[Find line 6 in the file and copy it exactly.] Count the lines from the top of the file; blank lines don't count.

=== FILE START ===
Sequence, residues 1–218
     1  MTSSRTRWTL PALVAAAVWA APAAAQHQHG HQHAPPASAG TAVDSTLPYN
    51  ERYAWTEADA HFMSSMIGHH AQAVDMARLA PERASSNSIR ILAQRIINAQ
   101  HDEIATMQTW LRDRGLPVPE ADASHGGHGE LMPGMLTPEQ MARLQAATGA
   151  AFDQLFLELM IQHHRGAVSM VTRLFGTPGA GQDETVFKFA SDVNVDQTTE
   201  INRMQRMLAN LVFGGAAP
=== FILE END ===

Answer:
   201  INRMQRMLAN LVFGGAAP